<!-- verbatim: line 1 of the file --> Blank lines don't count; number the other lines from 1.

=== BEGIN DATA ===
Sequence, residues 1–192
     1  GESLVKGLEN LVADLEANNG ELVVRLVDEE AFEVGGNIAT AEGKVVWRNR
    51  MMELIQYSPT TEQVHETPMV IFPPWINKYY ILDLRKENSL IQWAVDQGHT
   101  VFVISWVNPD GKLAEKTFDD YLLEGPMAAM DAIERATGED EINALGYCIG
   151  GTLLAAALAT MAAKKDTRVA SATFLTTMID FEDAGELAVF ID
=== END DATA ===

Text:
Sequence, residues 1–192